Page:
6 March 2008. A complex between two very different neurotransmitter receptors, a serotonin receptor and a metabotropic glutamate receptor, might help elucidate the underlying pathology of schizophrenia, according to an advance online publication in the February 24 Nature. Researchers led by Stuart Sealfon and Javier González-Maeso at Mount Sinai School of Medicine, New York, report that the metabotropic glutamate receptor 2 (mGluR2)/5-hydroxytryptamine 2A receptor (2AR) complex elicits unique cellular responses when activated by hallucinogenic drugs, which mimic some of the symptoms of schizophrenia, and that the expression of these receptors is altered in the brains of people with the disorder. The findings lead the authors to conclude that “…this complex is therefore a promising new target for the treatment of psychosis.”
That the 2AR and mGluR2 proteins interact is not such a far-fetched idea since both are G-protein-coupled receptors (GPCRs), which are known to form heterodimers and even larger mixed oligomers. However, all such complexes found to date are between GPCRs of the same class (there are six classes in all). What is unique about the 2AR/mGluR2 complex is that the receptors belong to different GPCR classes, and the researchers provide convincing evidence for this unique arrangement.
First author González-Maeso and colleagues discovered the complex when studying the distribution of metabotropic glutamate receptors. They found that the 2AR receptor rarely colocalized with mGluR3 in the sensory cortex of mice, but interestingly, cells containing 2AR almost always test positive for the mGluR2 subunit. When they investigated further, they found that 2AR was essential for proper expression of mGluR2 in cortical cells—mice with disrupted 2AR expression showed reduced mGluR2 levels.
Given that the receptors turn up in the same place and seem to have a regulatory relationship, the researchers wondered if they might form a complex. González-Maeso and colleagues used a variety of methods to put that theory to the test. Using immunoprecipitation of human cortical samples and transfected cells, as well as two techniques that reveal if molecules are in close molecular proximity (bioluminescence resonance energy transfer and fluorescence resonance energy transfer), the researchers conclude that the proteins do form a complex.
But would such an entity be functional? The answer to that question appears to be yes, since the affinity of one receptor appears to depend on the other. For example, when the researchers used the non-hydrolyzable GTP analog GTP-γS to drive the receptors apart, affinities of each for their ligands dropped. Also, the glutamate receptor agonist LY379268 increased the affinity of 2AR for the hallucinogenic agents DOI, DOM, and DOB, whereas the hallucinogen DOI decreased the affinity of mGluR2 for its agonists. The researchers were able to abolish these allosteric interactions by using receptor antagonists.
Interestingly, the authors found that the mere presence of mGluR2 influences 2AR function by decreasing activation of the Gαq/11 subunit and increasing activation of the inhibitor Gαi subunit—these are components of G-protein signaling. These effects were reversed in the presence of mGluR2 agonists. Furthermore, glutamate agonists seem to modulate the effects of hallucinogens on 2AR receptor signaling in mice. Hallucinogens such as LSD can trigger two types of signaling through 2AR, one involving activation of the transcription factor c-fos and the other activating the transcription factor egr-2. Non-hallucinogenic 2AR agonists only activate c-fos. The researchers found that the glutamate agonist LY379268 had no effect on the c-fos pathway, but blocked the induction of egr-2, suggesting that the agonist specifically blocks only the hallucinogenic signaling that is propagated through the 2AR receptor. In fact, they also found that LY379268 can block head twitching movements in mice induced by hallucinogenic drugs. “Our results are consistent with the hypothesis that the 2AR-mGluR2 complex integrates serotonin and glutamate signaling to regulate the sensory gating functions of the cortex, a process that is disrupted in psychosis,” write the authors.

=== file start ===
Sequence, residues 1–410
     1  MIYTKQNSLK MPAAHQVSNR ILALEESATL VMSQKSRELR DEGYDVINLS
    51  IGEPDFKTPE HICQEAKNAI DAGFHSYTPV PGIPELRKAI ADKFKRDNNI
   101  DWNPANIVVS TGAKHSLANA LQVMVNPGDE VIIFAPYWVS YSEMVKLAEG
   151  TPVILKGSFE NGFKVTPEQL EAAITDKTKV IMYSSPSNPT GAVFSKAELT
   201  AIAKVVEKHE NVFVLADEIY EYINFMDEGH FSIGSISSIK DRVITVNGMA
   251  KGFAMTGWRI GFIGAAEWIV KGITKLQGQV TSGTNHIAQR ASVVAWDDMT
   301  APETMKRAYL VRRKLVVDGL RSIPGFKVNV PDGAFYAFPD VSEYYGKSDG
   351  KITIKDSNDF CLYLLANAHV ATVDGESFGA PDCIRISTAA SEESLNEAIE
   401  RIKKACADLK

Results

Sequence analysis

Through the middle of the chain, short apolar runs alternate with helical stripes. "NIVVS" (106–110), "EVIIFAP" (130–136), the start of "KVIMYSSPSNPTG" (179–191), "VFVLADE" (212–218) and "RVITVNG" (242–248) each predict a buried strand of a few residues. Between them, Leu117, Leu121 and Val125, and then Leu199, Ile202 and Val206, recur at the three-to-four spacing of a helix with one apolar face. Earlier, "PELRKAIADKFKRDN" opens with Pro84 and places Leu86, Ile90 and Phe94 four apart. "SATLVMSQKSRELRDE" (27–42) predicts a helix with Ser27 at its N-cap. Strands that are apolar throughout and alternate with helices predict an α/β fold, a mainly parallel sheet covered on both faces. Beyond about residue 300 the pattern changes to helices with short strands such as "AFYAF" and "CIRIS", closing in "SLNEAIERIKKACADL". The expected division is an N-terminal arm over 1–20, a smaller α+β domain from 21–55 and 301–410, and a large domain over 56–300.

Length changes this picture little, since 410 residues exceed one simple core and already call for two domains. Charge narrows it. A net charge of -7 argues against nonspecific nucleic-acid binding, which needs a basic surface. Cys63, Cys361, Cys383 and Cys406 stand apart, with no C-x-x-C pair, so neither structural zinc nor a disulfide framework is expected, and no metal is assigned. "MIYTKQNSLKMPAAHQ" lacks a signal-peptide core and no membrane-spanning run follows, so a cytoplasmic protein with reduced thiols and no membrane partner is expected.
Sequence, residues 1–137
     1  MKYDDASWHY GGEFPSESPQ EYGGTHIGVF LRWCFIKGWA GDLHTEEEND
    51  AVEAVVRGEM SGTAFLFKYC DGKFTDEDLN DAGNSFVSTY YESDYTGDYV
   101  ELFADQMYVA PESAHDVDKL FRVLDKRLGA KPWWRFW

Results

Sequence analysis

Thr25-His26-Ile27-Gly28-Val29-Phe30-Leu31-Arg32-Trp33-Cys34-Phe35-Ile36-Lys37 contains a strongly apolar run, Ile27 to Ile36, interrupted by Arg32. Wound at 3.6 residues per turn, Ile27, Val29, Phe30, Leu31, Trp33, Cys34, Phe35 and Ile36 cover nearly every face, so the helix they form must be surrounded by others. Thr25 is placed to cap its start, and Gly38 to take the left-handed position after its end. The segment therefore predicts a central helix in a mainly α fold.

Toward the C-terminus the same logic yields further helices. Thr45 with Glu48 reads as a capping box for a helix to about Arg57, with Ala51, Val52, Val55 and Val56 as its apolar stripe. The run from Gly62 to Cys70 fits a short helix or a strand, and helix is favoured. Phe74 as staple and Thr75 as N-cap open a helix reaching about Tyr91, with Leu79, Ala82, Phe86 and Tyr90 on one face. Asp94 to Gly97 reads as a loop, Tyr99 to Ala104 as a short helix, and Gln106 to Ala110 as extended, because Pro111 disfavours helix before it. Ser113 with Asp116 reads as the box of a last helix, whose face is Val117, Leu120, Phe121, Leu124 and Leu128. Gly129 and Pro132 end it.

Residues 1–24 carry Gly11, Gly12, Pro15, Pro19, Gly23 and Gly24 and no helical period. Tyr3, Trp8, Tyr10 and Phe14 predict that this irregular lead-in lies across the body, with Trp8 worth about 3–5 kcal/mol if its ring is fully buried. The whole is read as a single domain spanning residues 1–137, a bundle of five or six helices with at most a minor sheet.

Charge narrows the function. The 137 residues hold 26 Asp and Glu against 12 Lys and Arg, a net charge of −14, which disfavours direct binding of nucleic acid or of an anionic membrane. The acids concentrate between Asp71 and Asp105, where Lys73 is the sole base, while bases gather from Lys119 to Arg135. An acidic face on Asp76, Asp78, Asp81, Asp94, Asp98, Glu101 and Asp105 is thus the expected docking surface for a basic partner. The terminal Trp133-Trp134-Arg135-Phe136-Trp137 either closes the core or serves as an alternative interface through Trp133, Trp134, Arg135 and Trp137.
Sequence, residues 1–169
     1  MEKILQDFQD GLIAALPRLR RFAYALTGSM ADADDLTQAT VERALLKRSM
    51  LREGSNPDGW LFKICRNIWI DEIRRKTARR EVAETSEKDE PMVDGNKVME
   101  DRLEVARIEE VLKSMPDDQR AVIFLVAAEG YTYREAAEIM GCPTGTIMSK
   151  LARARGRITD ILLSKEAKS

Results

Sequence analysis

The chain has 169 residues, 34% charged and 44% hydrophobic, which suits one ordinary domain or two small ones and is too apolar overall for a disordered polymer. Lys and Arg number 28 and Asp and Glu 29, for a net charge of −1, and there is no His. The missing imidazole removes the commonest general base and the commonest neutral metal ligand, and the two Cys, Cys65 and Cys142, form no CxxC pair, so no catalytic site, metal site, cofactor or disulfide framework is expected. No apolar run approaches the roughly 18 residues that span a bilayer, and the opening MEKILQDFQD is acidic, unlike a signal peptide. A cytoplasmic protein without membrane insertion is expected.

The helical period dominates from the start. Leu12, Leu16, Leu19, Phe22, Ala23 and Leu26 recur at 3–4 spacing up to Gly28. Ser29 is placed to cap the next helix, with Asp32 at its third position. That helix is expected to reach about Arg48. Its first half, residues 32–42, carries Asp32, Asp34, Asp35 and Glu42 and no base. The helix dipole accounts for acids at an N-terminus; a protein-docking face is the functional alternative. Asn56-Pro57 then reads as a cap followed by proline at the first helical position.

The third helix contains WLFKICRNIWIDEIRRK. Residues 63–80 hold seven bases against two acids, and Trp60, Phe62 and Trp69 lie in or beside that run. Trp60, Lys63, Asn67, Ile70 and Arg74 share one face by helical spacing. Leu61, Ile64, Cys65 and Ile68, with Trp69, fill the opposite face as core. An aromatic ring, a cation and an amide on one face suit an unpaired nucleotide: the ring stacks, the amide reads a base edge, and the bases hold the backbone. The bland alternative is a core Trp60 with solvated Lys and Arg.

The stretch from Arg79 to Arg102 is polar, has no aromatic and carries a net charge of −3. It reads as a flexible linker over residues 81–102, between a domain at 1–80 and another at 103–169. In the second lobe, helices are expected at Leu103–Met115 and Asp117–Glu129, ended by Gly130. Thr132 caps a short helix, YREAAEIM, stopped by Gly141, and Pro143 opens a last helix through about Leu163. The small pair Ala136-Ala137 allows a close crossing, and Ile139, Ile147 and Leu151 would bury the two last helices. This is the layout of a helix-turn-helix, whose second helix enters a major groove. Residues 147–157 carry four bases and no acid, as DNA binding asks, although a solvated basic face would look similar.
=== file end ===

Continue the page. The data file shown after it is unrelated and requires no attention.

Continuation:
These findings offer new support for the idea that metabotropic glutamate receptor agonists may prove beneficial in schizophrenia. Glutamate signaling is reduced in the disorder and recent clinical trials suggest that mGluR agonists may be compensatory (see SRF related news story). There are indications, too, that mGluRs have an active role in learning and memory, which suggests that mGluR agonists may have the added benefit of correcting cognitive impairment associated with the disease (see SRF related news story). Now, González-Maeso and colleagues’ findings suggest that mGluR agonists could have an effect on hallucinations. In fact, when they examined postmortem brain samples from schizophrenia patients, the researchers found that the levels of 2AR and mGluR2 are increased and decreased, respectively, in membranes from the cortex. “Thus, the increased 2AR and decreased mGluR2 found in the brain in schizophrenia may predispose to a hallucinogenic pattern of signaling,” suggest the authors.—Tom Fagan.
Gonzalez-Maeso J, Ang RL, Yuen T, Chan P, Weisstaub NV, Lopez-Gimenez, JF, Zhou M, Okawa Y Callado LF, Milligan G, Gingrich JA, Filizola M, Meana JJ, Sealfon SC. Identification of a serotonin/glutamate receptor complex implicated in psychosis. Nature. 2008 Feb 24; [Epub ahead of print] Abstract